Principles of biomedical ethics - respect for autonomy

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Respect for Autonomy
Respect for the autonomous choices of persons runs as deep in common morality as any principle, but little agreement exists about its nature, scope, or strength. We use the concept of autonomy in this chapter to examine individuals’ decision making in health care and research, as patients and as subjects, now often called “participants.”1Although we begin our discussion of principles of biomedical ethics with respect for autonomy, our order of presentation does not imply that this principle has moral priority over other principles. We do not hold, as some critics suggest, that the principle of respect for autonomy overrides all other moral considerations. Furthermore, we attempt to show that, in a properly structured theory, respectfor autonomy is not excessively individualistic (thereby neglecting the social nature of individuals and the impact of individual choices and actions on others), not excessively focused on reason (thereby neglecting the emotions), and not unduly legalistic (thereby highlighting legal rights and downplaying social practices and responsibilities).
The word autonomy, derivedfrom the Greek autos (“self’) and nomos (“rule,” “governance,” or “law”), originally referred to the selfrule or self-governance of independent citystates. Autonomy has since been extended to individuals, but the precise meaning of the term is disputed. Personal autonomy encompasses, at a minimum, selfrule that is free from both controlling interference by others and from certain limitations suchas an inadequate understanding that prevents meaningful choice. The autonomous individual acts freely in accordance with a self-chosen plan, analogous to the way an independent government manages its territories and establishes its policies. A person of diminished autonomy, by contrast, is in some respect controlled by others or incapable of deliberating or acting on the basis of his or her desiresand plans. For example, cognitively challenged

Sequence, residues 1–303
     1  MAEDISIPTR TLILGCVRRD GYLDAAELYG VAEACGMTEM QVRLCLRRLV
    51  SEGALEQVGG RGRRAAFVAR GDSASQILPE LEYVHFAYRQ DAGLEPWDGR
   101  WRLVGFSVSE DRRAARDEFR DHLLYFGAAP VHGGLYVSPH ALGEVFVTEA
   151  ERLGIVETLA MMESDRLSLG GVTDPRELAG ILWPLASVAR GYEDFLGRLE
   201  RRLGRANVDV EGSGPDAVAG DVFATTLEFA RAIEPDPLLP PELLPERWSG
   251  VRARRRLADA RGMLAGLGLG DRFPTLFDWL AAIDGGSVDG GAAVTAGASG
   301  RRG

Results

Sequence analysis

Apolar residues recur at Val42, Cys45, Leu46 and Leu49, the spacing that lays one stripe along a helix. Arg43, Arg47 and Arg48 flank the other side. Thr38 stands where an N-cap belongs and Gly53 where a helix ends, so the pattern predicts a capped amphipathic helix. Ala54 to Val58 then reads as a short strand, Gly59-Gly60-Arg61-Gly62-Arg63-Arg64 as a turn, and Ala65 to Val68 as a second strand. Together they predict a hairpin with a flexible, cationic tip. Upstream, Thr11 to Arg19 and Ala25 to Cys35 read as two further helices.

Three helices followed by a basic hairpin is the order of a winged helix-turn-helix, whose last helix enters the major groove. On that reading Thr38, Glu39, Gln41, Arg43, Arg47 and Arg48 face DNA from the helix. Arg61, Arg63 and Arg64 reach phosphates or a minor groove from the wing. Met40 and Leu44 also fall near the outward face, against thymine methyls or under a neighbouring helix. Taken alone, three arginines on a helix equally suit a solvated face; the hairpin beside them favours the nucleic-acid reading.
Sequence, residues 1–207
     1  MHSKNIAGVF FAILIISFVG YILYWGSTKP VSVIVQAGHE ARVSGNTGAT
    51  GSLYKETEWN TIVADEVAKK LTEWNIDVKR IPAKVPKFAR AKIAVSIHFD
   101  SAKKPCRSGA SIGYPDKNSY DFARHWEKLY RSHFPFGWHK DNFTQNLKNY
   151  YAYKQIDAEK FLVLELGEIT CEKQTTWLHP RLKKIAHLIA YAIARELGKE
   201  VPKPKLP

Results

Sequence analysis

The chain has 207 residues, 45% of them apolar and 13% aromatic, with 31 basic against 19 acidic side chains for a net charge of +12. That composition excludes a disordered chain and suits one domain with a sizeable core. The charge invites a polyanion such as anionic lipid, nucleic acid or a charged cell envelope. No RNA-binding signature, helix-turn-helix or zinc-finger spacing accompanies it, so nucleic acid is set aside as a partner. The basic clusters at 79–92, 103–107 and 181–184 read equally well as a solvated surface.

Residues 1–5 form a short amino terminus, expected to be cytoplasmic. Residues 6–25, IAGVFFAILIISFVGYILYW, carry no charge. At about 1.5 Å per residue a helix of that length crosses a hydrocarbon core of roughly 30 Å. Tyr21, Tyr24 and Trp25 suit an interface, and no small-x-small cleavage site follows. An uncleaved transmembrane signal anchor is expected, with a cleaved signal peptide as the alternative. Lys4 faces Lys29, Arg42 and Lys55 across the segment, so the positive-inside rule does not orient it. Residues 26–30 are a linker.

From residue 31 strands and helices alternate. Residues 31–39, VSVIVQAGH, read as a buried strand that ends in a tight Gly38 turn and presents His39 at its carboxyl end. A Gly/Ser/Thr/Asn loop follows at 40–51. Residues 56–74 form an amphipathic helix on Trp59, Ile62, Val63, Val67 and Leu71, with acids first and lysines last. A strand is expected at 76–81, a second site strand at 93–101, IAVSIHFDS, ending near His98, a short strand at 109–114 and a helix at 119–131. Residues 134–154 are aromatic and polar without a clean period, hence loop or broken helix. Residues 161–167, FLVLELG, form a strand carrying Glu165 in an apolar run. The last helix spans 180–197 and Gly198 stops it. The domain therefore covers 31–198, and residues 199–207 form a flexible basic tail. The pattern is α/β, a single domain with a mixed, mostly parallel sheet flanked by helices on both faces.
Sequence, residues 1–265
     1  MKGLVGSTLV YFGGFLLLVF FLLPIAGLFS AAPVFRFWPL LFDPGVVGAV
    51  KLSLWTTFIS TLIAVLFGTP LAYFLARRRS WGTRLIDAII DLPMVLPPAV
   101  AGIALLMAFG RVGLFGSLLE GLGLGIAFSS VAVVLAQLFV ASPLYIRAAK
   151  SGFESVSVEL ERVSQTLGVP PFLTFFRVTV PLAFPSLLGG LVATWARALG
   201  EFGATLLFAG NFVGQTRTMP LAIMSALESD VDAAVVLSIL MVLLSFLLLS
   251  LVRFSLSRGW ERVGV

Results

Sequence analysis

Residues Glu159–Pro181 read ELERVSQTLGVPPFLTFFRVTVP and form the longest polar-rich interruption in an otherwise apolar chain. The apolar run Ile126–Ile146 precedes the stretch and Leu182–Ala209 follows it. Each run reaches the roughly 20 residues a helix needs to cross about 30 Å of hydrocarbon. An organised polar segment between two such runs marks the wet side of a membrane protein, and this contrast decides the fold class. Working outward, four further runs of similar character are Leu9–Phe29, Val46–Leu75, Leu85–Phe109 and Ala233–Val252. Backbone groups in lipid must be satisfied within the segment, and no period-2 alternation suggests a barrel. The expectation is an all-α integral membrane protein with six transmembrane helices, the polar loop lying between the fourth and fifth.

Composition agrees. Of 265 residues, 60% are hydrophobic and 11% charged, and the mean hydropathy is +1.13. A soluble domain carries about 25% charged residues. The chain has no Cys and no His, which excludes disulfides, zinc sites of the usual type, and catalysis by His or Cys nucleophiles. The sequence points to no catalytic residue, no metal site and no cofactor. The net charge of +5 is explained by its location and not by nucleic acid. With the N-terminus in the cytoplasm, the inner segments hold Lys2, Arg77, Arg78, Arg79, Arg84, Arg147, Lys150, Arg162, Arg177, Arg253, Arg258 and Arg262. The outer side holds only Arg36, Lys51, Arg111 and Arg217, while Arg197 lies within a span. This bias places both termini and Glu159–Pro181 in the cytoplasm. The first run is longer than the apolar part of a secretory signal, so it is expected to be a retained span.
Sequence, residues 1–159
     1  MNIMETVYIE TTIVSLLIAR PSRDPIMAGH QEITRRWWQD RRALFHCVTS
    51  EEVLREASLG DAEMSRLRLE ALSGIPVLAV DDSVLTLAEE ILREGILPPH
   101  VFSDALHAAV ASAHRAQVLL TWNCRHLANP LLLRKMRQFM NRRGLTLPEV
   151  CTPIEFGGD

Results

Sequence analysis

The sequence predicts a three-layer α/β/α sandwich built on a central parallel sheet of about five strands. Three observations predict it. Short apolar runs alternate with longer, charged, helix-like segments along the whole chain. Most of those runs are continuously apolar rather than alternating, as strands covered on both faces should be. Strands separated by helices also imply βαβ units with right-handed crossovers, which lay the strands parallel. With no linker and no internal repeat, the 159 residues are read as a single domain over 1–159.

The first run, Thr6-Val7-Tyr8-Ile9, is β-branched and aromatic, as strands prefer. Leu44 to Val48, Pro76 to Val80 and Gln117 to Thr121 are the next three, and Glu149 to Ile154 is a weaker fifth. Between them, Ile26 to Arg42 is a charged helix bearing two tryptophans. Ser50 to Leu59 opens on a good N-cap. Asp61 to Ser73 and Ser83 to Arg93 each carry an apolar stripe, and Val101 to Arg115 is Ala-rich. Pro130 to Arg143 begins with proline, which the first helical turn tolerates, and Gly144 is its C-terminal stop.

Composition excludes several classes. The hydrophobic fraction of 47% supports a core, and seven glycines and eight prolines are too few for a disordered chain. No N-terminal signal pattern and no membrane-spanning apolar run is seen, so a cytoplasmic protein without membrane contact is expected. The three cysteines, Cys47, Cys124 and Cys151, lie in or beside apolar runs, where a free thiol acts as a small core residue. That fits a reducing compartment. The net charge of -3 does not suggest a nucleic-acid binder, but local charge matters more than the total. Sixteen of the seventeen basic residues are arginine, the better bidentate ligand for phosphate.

individuals and prisoners often have diminished autonomy. Mental incapacitation limits the autonomy of a severely retarded person, whereas coercive institutionalization constrains the autonomy of prisoners.
Virtually all theories of autonomy view two conditions as essential for autonomy: liberty (independence from controlling influences) andagency (capacity for intentional action). However, disagreement exists over the meaning of these two conditions and over whether additional conditions are required.2

Theories of Autonomy
Some theories of autonomy feature the abilities, skills, or traits of the autono¬mous person, which include capacities of selfgovernance such as understanding, reasoning, deliberating, managing, and independentchoosing.3 However, our focus in this chapter on decision making leads us to concentrate on autonomous choice rather than on general capacities for governance and selfmanagement. Even autonomous persons who have selfgoverning capacities and are generally good managers of their health sometimes fail to govern themselves in particular choices because of temporary constraints caused by illness,depression, ignorance, coercion, or other conditions that restrict their options. An autonomous person who signs a consent form for a procedure without reading or understanding the form can act autonomously, but fails to do so. Of course we could redescribe the act as one of placing trust in one’s physician, which could be an autonomous act of authorizing the physician to proceed; but it is not anautonomous authorization of the procedure because it is not informed regarding the procedure. Similarly, some persons who are generally incapable of autonomous decision making can at times make autonomous choices. For example, some patients in mental institutions who cannot care for themselves and have been declared legally incompetent may still make some autonomous choices, such as stating...
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